dt.Add(2, "Two");
            dt.Add(3, "Three");
            foreach (KeyValuePair<int, String> kv in dt)
            {
                Console.WriteLine(kv.Key + " " + kv.Value);
            }
        }
    }



Dictionary
Trying to access an in existent key gives runtime error in Dictionary.
Dictionary is a generic type
Generic collections are a lot faster as there's no boxing/unboxing
Dictionary public static members are thread safe, but any instance members are not guaranteed to be thread safe.
Dictionary is preferred than Hash table

Hash table
Trying to access an in existent key gives null instead of error.
Hash table is a non-generic type
Hash table also have to box/unbox, which may have memory consumption as well as performance penalties.
Hash table is thread safe for use by multiple reader threads and a single writing thread
This is an older collection that is obsoleted by the Dictionary collection. Knowing how to use it is critical when maintaining older programs.

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Wednesday, 15 April 2015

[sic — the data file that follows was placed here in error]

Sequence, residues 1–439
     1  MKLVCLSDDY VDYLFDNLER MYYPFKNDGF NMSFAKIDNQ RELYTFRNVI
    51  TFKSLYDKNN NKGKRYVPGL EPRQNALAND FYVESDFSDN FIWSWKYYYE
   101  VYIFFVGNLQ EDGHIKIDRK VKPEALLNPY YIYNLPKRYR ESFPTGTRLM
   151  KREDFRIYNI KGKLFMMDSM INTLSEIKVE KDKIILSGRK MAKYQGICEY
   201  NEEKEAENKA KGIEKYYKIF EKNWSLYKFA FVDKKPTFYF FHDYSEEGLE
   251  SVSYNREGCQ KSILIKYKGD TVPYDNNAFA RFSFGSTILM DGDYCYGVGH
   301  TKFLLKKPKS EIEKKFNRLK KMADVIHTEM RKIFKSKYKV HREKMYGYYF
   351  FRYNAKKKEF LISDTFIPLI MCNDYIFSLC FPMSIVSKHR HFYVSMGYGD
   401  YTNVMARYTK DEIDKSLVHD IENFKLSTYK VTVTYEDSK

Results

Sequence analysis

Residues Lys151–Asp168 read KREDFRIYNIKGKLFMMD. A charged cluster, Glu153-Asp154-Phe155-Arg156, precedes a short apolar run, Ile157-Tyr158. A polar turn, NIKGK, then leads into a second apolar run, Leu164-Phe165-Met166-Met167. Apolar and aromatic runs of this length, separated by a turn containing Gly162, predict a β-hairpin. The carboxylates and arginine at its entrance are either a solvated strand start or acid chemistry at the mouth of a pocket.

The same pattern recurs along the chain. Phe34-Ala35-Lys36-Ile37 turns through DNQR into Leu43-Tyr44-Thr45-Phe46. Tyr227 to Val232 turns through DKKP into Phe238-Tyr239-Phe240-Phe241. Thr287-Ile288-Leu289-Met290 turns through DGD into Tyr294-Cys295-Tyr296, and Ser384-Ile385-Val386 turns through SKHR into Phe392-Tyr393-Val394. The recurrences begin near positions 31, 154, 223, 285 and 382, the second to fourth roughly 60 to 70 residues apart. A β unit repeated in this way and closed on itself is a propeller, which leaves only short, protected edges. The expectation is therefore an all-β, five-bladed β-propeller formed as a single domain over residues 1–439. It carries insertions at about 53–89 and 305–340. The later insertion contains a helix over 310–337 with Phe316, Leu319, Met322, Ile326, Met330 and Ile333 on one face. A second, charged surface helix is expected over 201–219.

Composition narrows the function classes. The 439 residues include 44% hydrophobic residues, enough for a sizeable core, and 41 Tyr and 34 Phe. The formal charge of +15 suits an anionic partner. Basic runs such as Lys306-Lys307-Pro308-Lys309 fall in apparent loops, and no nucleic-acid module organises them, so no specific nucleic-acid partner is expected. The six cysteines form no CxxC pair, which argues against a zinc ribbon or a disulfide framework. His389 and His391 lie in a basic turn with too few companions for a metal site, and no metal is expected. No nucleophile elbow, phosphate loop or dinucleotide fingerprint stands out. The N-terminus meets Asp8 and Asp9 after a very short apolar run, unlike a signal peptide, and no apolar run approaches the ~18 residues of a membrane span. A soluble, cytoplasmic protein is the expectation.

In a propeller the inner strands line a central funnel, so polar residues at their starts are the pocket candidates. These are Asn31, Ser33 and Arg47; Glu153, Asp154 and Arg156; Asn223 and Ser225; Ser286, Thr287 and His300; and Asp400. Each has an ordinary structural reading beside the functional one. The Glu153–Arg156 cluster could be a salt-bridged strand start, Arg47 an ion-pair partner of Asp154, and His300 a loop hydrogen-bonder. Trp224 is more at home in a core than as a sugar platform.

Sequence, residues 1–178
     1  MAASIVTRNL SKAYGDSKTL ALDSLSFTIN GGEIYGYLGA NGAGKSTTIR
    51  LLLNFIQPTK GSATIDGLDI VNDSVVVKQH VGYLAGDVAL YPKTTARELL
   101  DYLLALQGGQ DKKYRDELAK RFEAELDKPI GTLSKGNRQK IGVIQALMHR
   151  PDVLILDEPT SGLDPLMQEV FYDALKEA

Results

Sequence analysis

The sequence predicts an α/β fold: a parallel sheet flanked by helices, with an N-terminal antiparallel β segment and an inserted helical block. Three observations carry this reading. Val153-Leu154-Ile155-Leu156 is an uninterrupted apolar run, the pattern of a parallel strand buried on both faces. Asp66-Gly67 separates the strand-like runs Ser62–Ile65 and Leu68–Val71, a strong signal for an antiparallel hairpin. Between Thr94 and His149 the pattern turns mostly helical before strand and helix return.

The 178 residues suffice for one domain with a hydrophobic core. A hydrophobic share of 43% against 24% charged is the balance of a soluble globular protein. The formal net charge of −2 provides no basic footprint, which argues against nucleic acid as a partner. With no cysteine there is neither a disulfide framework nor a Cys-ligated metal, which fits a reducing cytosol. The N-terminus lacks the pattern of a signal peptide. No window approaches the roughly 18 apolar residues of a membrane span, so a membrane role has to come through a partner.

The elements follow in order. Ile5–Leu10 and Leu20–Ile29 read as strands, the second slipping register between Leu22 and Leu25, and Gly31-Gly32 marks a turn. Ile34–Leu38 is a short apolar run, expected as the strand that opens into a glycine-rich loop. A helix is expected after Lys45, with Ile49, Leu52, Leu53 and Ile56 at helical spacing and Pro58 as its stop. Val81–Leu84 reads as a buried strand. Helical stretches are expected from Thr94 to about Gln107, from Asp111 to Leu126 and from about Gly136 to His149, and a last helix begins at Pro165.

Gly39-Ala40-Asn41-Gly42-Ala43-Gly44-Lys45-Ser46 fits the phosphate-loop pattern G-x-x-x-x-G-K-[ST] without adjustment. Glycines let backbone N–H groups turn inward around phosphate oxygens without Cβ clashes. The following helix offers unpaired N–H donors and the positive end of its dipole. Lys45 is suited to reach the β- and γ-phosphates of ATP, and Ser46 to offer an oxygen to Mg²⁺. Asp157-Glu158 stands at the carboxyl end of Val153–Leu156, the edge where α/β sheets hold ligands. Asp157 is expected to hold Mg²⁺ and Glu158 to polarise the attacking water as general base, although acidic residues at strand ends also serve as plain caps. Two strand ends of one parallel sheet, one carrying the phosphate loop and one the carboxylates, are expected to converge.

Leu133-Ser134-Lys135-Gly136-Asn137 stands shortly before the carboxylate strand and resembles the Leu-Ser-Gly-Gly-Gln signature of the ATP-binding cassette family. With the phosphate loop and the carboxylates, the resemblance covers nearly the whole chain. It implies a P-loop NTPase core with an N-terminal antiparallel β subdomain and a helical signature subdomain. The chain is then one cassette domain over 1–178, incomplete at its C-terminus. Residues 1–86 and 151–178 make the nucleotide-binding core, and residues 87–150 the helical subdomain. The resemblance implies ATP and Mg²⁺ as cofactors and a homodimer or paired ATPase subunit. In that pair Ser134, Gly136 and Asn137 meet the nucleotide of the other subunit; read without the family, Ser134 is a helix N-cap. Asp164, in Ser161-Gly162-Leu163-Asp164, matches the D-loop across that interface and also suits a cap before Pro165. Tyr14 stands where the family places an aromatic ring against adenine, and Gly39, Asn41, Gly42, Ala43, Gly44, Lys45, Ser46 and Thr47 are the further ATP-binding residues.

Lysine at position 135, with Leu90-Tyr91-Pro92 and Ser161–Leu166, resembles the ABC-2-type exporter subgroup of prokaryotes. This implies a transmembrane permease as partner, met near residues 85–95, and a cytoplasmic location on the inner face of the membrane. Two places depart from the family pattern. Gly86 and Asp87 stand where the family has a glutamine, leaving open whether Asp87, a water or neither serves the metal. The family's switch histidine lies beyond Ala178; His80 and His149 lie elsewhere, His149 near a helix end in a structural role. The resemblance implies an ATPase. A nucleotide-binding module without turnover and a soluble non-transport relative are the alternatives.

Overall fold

Difference between bind(), live(), on(), delegate() in Jquery

.bind()

Syntax: .bind( eventType [, eventData ], handler )
Attach a handler to an event for the elements.
The .bind() method registers the type of event and an event handler directly to the DOM element. The .bind() doesn't work for elements added dynamically that matches the same selector. 

<script>
    $("#foo").bind("mouseenter mouseleave", function () {
        $(this).toggleClass("entered");
    });

    $("#foo2").bind({
        click: function () {
            // Do something on click
        },
        mouseenter: function () {
            // Do something on mouseenter
        }
    });
    $("#foo").bind("click", function () {
        alert($(this).text());
    });

</script>

.live()

Attach an event handler for all elements which match the current selector, now and in the future.
Syntax: .live( events, handler )

Examples:

Example: Cancel a default action and prevent it from bubbling up by returning false.

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$( "a" ).live( "click", function() {
  return false;
});

Example: Cancel only the default action by using the preventDefault method.

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$( "a" ).live( "click", function( event ) {
  event.preventDefault();
});

Example: Use an object to bind multiple live event handlers. Note that .live() calls the click, mouseover, and mouseout event handlers for all paragraphs--even new ones.

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$( "p" ).live({
  click: function() {
    $( this ).after( "<p>Another paragraph!</p>" );
  },
  mouseover: function() {
    $( this ).addClass( "over" );
  },
  mouseout: function() {
    $( this ).removeClass( "over" );
  }
});